The Strokes dabble with sounds from throughout their career on a satisfying return
The Hives : London WC1 Astoria
Just about as rock 'n' roll as it gets...
The Hives are amazing. On so many levels. On tunes like 'I Hate To Say I Told You So' or 'Main Offender' they siphon off the rock fuel of the '50s, '60's and '70s into a shiny new garagepunk'n'roll hot rod, and just drive. And this is why a frenzied Sunday night crowd at the Astoria (upgraded from the Mean Fiddler) loves them. They are undoubtedly the tightest band to ever plug in guitars. Howlin' Pelle, their sublime frontman, is a deranged young Mick Jagger with fire ants running up his drainpipes and The Ramones never off his stereo. These are rear-viewing times, where all our new favourite bands have their heads buried in rock's archives. And so The Hives' brand new retro vaudeville punk makes them 2001's latest brilliant reanimators.
They are also the year's most problematic. The Hives' very wonderfulness - the way they bruise the air with their guitars, make us scream their names - begs certain questions. If it's theatre, can it be rock 'n' roll? If it's funny - and The Hives are very funny - can it be heartfelt? If it's choreographed - as when The Hives freeze in perfect rock poses for an entire minute towards the end of 'Main Offender', before reigniting - can it be (and here's a retro phrase for you) 4 Real?
It seems churlish to even go here, such is The Hives' marvellousness. But a band of knowing Swedish showmen who were assembled into a hit-making unit as teenagers by a svengali called - yes - Randy Fitzsimmons raise those sorts of eyebrows. Jack White and at least have American passports in their defence. The Hives just have their hours and hours of rehearsal time, and a passion for what they call "PUNKROCK MUSIC AVEC KABOOM".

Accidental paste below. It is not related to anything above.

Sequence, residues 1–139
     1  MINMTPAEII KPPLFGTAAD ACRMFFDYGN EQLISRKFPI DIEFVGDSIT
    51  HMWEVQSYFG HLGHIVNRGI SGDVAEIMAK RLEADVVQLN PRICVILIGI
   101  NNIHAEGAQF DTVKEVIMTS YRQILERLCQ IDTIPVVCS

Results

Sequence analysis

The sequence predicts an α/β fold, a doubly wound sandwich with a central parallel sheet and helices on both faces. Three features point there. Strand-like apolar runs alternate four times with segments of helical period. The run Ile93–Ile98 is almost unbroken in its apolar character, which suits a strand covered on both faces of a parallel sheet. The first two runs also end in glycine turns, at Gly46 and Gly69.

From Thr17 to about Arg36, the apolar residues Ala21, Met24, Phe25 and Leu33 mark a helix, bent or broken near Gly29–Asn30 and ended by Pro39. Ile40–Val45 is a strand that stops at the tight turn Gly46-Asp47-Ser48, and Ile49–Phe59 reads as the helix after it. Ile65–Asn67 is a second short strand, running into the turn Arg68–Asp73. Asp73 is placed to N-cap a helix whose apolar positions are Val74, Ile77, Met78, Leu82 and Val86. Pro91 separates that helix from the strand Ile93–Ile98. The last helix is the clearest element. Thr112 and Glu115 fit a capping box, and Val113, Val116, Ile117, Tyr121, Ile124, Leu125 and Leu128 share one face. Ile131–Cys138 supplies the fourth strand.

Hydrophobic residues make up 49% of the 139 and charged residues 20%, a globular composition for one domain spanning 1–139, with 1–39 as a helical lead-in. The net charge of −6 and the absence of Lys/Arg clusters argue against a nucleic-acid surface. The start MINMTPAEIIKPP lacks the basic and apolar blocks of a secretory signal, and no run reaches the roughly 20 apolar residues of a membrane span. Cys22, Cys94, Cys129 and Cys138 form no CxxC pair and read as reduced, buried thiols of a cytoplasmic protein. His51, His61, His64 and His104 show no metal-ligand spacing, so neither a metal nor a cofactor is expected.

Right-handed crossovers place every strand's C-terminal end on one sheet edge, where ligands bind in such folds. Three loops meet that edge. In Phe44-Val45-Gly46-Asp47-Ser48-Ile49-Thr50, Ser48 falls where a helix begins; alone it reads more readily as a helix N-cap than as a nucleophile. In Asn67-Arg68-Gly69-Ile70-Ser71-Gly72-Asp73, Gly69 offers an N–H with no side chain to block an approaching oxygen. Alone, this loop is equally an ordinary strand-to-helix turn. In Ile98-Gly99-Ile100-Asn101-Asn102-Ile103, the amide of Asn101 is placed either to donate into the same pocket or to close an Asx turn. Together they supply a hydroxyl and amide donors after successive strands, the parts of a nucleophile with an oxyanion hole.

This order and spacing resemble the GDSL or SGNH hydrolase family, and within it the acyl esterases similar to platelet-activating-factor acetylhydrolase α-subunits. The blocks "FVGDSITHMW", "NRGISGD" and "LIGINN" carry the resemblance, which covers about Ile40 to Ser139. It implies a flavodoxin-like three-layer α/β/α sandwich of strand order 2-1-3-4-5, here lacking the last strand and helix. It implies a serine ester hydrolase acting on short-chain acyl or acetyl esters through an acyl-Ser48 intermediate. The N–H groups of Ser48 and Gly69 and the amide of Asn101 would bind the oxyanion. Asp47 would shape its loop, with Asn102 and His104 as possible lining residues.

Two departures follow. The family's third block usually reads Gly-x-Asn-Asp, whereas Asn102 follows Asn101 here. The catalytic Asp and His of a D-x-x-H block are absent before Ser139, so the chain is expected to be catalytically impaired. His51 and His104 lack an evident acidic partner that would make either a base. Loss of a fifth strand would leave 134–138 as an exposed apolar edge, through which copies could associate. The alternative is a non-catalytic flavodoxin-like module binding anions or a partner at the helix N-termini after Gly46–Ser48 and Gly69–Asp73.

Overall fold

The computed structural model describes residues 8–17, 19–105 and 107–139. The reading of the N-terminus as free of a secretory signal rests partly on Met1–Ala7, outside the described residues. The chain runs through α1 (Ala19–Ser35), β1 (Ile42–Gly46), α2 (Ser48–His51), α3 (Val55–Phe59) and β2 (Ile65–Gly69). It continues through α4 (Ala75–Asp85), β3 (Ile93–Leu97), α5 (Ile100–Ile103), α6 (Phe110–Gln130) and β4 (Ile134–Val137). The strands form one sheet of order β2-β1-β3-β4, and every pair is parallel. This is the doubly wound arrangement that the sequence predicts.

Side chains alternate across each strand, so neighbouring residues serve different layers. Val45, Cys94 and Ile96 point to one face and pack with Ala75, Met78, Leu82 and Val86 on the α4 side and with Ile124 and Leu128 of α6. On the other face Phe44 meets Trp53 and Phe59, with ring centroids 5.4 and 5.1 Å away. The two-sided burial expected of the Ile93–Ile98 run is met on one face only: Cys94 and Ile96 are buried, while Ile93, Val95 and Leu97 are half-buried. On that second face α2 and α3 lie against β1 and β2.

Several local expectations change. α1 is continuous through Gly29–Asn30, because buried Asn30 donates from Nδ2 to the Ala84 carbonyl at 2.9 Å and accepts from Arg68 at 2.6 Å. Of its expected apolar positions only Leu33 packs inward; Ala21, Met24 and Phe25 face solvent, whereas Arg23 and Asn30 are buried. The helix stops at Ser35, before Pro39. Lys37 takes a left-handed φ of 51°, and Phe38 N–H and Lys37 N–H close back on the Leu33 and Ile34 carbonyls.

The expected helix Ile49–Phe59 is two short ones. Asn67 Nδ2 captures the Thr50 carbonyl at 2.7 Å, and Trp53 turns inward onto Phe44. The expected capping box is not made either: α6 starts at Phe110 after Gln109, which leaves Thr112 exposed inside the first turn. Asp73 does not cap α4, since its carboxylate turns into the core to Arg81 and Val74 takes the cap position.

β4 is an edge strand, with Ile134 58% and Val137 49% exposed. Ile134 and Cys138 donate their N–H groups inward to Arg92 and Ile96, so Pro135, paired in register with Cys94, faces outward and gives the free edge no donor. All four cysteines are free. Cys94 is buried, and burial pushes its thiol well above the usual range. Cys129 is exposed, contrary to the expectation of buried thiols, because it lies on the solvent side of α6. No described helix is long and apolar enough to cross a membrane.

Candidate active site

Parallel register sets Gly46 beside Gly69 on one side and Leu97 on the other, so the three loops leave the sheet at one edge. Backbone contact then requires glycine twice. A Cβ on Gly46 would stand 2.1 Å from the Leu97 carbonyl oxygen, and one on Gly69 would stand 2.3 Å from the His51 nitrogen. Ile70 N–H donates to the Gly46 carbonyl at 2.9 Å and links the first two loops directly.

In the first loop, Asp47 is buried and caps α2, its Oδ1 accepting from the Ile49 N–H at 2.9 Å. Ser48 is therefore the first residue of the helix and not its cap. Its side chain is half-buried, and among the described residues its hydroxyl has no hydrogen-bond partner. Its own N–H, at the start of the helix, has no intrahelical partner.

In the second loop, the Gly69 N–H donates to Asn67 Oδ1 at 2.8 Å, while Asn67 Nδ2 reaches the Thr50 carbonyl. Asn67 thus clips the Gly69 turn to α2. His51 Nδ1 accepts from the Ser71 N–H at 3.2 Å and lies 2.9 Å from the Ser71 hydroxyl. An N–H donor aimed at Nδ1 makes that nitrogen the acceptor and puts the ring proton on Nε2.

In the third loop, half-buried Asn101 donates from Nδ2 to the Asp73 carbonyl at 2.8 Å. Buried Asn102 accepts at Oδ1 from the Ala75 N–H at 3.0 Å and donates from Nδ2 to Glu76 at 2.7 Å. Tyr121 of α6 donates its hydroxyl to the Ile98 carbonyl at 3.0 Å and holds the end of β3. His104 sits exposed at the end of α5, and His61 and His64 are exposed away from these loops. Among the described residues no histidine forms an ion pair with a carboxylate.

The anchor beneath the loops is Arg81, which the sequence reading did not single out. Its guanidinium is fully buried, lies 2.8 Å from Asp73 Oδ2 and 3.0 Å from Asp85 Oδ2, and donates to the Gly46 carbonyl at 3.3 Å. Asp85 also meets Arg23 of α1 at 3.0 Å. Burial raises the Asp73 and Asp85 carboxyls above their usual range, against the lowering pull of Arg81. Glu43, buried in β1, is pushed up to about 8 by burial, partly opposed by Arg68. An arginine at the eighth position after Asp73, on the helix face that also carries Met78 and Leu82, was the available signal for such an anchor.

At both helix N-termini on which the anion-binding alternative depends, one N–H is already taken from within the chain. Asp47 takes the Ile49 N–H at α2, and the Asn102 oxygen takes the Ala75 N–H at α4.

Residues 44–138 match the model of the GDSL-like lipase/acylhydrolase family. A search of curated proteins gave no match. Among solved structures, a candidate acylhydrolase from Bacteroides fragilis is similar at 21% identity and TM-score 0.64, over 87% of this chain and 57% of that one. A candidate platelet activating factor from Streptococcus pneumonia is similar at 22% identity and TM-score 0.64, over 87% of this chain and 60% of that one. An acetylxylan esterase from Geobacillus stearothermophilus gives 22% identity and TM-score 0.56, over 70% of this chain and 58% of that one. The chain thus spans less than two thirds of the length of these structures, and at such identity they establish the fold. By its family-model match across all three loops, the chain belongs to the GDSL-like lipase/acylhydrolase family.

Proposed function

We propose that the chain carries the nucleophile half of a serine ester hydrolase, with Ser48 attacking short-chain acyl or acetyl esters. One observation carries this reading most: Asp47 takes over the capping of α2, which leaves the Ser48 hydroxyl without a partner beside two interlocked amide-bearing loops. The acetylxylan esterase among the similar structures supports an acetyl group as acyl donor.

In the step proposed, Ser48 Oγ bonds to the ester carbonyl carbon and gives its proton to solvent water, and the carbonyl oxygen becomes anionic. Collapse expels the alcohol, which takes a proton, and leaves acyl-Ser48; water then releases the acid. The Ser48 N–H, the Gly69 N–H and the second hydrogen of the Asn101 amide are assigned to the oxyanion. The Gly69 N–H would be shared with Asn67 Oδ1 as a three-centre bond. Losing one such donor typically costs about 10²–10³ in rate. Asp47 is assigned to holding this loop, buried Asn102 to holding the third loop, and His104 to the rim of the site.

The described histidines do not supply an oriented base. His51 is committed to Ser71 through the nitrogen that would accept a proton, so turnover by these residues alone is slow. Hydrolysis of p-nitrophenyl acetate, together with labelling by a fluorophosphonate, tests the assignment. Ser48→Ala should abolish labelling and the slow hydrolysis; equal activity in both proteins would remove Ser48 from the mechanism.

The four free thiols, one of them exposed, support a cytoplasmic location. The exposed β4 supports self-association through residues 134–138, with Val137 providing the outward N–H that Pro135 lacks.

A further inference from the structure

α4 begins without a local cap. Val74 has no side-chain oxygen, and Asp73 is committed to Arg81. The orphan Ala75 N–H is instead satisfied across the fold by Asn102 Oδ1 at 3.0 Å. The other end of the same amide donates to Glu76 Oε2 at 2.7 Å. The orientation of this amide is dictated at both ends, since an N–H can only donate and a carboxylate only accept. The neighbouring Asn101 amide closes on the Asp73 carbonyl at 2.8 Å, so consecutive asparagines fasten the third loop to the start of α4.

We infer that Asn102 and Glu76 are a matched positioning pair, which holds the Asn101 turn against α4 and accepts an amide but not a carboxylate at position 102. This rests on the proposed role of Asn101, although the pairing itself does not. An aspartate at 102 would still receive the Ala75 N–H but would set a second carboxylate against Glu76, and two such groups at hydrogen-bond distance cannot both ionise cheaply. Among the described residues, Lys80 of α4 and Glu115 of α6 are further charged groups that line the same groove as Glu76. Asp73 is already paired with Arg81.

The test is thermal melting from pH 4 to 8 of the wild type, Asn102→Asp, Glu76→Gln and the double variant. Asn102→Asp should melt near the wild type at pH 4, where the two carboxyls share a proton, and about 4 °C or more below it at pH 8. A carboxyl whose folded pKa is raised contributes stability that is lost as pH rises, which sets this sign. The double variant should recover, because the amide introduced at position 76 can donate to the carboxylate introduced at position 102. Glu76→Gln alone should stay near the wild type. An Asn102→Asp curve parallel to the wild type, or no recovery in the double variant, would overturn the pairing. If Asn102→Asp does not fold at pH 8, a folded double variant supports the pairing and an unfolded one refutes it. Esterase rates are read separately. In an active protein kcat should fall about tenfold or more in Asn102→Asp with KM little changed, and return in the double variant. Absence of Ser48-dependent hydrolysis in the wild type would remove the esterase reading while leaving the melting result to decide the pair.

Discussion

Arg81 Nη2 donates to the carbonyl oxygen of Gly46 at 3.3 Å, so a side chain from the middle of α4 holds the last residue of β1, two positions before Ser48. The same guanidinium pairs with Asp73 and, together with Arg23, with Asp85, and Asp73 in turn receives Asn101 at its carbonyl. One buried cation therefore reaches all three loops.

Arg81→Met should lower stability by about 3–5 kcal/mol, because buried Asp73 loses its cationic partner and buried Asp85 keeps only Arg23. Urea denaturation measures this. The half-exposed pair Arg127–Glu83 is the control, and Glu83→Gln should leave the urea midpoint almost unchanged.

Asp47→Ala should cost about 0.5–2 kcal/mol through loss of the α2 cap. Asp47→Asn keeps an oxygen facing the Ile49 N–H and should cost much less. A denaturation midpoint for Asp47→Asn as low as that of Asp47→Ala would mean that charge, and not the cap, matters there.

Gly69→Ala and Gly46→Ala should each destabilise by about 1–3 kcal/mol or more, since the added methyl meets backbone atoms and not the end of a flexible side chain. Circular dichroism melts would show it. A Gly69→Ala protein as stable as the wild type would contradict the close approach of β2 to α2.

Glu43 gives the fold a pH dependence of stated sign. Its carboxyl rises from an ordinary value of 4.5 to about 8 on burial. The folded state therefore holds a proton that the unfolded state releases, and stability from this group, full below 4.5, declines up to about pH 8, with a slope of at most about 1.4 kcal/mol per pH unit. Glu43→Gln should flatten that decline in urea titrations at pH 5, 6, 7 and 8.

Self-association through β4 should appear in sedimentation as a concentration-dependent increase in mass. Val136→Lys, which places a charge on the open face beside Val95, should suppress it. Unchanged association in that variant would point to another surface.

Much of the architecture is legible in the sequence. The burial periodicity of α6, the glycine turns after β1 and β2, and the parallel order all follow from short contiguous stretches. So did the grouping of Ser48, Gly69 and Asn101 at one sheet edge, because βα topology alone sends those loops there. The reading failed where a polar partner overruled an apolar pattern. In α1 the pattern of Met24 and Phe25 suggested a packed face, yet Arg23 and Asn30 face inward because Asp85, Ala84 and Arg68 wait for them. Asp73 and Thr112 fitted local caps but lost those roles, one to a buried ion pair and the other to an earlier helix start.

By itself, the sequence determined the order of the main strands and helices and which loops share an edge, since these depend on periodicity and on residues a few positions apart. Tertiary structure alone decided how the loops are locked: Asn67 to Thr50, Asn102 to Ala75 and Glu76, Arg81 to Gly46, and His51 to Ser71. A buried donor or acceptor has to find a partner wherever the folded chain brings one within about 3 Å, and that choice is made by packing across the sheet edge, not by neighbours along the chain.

And that'll do us. No one sane would bother becoming this perfect a rock 'n' roll pastiche if they didn't love it with every atom of their being. Their current album, 'Your New Favourite Band', is a compilation: The Hives have loads more party music at home, each record more rocking than the sublimely-named first ('Oh Lord! When? How?'). They seem like a novelty act, but they are not.
And so when The Hives stare down their audience off at the end, surly in the face of utter triumph, it's the last great act of a fantastic performance. And something else. "Fuck you too, you little man," is Howlin' Pelle's very amusing snub to his foolish hecklers tonight. But his band's peerless five-man black-suited sweat-drenched silent 'fuck you' to hundreds of new fans is just about as rock 'n' roll as it gets.
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